Horse gymnastics exercises are a necessary evil for any show jumper. We spend most of our time jumping gymnastics when riding at home, rather than practicing full jump courses. Every week we set up a different gymnastic and ride the horses through it a couple times.
There are several things a horse learns when jumping gymnastics: take-off distance from the jump, landing distance after the jump, shortening and lengthening of stride, and increasing the speed of the “quick twitch” muscles.
Types of Gymnastic Elements
A bounce is a series of two jumps with 9′ – 11′ between the two. If the bounce is at the beginning of the gymnastics, it should be at 9′. If it is in the middle or towards the end, you should increase the distance to 11′. The purpose of a bounce is to train the quick twitch muscles. The poles never need to be much taller than 2′. This exercise isn’t about teaching to jump height, it is about improving quickness.
A one-stride combination can be anywhere from 18′ to about 24′ depending on the height of the jumps and its location in the gymnastics. If you want your horse to learn how to land shallow and rock back on its haunches for the next fence, a shorter distance is necessary. If you are working on lengthening the stride of the horse, you can increase the distance to 22′. We rarely go over 22′ in distance between two jumps. Horses typically do not have as much of an issue with lengthening as they do with shortening their stride.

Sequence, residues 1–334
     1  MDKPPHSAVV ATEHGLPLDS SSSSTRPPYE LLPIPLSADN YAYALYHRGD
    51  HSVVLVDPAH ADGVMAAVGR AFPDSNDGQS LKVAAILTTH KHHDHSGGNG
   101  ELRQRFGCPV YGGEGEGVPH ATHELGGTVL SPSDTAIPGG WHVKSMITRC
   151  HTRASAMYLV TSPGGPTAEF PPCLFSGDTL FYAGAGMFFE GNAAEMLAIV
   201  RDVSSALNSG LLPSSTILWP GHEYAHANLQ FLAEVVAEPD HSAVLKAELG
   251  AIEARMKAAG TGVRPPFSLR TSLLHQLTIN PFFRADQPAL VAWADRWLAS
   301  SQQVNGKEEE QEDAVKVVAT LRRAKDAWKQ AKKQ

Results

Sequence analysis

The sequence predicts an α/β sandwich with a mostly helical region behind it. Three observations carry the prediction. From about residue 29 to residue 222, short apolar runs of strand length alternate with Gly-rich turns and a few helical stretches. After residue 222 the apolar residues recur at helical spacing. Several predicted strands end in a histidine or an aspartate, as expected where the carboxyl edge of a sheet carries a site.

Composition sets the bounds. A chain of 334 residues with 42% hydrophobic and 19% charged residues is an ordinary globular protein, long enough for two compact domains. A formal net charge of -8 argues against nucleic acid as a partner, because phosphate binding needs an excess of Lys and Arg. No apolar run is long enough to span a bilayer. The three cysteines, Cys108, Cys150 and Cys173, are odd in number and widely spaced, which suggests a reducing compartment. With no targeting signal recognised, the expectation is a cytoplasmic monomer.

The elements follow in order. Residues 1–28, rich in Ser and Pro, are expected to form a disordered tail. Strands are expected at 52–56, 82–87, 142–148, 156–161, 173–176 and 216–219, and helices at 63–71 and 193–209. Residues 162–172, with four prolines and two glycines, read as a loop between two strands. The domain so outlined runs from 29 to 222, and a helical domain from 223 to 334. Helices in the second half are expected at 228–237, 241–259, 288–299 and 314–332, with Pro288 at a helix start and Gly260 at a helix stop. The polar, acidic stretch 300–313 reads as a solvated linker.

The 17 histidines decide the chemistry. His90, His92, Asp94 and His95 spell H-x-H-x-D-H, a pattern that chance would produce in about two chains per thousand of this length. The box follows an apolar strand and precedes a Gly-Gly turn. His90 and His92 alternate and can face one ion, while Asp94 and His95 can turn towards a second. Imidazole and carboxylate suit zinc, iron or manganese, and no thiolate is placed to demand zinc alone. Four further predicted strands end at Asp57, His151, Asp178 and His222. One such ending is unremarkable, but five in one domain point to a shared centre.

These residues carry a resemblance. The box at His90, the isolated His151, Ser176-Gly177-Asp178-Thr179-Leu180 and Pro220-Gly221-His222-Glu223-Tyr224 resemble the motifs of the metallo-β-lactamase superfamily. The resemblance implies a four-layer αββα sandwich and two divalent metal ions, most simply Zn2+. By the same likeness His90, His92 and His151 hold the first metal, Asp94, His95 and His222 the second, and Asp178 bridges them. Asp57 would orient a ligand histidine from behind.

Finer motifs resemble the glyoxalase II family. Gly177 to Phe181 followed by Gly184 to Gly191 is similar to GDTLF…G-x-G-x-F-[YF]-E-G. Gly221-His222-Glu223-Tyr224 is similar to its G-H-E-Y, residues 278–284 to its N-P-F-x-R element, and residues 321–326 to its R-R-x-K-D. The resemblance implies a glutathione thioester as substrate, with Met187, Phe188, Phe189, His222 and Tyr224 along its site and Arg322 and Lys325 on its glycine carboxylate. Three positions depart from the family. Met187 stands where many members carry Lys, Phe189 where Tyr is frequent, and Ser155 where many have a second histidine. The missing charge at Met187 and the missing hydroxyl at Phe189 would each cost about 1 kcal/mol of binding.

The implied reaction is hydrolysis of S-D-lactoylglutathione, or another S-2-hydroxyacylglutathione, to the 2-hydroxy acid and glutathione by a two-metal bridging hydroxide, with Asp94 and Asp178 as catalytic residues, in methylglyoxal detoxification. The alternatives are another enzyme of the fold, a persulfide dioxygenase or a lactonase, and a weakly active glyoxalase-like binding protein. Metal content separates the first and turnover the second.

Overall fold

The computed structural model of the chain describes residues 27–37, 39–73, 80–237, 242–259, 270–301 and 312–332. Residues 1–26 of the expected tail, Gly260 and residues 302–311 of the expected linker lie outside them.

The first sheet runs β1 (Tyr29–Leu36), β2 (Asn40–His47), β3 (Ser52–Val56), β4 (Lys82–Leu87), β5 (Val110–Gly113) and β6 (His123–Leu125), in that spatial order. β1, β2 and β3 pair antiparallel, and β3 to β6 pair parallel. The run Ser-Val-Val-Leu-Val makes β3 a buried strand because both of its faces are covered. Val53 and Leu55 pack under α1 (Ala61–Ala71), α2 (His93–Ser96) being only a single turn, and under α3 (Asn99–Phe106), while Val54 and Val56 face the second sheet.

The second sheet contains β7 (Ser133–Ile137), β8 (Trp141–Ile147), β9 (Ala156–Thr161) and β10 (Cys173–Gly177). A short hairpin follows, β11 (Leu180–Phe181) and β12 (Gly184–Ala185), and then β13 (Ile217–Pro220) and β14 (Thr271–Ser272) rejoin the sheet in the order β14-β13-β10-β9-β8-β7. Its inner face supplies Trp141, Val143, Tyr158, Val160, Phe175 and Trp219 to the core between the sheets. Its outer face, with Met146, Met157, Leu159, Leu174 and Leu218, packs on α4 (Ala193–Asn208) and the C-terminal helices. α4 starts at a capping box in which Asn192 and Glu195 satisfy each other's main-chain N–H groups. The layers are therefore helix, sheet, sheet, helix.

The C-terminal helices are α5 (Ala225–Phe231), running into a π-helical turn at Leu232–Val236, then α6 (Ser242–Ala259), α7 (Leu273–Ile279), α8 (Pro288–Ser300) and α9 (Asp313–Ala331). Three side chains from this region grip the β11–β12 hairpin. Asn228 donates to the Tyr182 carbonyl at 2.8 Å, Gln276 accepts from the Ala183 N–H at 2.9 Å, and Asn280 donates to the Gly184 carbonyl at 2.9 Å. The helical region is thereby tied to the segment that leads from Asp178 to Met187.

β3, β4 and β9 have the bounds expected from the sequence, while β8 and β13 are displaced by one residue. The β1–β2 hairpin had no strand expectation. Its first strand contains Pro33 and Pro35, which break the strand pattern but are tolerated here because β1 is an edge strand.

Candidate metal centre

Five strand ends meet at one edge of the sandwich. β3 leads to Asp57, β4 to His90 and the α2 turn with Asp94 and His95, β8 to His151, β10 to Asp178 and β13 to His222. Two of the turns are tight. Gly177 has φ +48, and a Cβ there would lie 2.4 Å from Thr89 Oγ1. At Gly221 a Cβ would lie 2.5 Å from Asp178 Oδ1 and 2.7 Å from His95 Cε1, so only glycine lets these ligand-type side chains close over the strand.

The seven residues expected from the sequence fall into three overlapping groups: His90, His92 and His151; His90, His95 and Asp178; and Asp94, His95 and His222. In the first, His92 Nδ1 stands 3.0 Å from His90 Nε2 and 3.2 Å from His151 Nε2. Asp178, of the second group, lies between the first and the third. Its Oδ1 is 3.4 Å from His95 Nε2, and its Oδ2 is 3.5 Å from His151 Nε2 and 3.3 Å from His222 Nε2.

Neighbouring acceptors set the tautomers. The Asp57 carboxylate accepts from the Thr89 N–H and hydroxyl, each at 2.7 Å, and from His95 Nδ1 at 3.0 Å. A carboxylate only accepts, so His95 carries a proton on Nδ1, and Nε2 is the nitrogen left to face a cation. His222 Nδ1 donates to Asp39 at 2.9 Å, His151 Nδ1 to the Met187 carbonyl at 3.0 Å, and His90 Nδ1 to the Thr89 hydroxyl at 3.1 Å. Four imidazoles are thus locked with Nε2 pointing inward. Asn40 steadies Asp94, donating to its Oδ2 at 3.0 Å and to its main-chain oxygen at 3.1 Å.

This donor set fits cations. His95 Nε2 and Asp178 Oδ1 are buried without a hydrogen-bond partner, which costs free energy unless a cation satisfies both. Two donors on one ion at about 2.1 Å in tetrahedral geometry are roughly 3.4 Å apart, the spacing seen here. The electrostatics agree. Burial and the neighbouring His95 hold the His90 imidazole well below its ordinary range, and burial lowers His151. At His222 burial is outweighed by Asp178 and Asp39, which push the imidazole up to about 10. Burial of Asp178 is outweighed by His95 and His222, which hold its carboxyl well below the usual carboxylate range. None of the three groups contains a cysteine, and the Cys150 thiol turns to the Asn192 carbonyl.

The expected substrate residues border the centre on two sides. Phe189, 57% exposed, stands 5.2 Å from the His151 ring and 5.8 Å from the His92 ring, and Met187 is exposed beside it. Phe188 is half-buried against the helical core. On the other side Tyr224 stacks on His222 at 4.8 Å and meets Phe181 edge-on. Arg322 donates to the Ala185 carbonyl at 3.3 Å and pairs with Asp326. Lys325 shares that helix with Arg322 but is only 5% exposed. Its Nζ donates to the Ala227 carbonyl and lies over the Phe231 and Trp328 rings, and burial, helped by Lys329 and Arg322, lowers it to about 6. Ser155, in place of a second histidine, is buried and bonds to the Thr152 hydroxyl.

A two-stride combination is around 30′ to 36’… again depending on the size of the jump and the goal you are trying to accomplish. We keep ours at around 32′ in distance. The most you would ever want to do in a gymnastic is a two stride. There is no point to do more strides between jumps.
I cannot stress the importance of ground lines, especially for horses learning how to jump. They tell the horse where to take off and where to land. For example, if you have a horse that is landing too far into a combination, increase the take-off distance of the ground line from the jump which will make them land shallower. If you are having an issue of a horse fully completing the arc of the jump, a ground line on the landing side will help them stretch across the jump.
Try it Yourself at Home
Need help thinking of a beneficial gymnastic grid to use with your horse? Below is a great basic design you can build easily and try yourself!
- Trot rail – 6′
- Bounce – 9′
- One stride – 19′
- One stride – 21′
- Bounce – 11′
- One stride 22′
This next exercise is super cool but significantly more difficult. Don’t try this one yourself without a capable horse and the supervision of a professional. How many jumps can you count?
Gymnastic exercises are tiring! Treat your horse to a nice bath with one of these liniment products to soothe their hard-working muscles after your ride, and shop FarmVet.com for all your other horse health care and equipment needs!
Want to learn more about riding exercises you can use to train and strengthen your horse? Check out our blog on pole exercises here!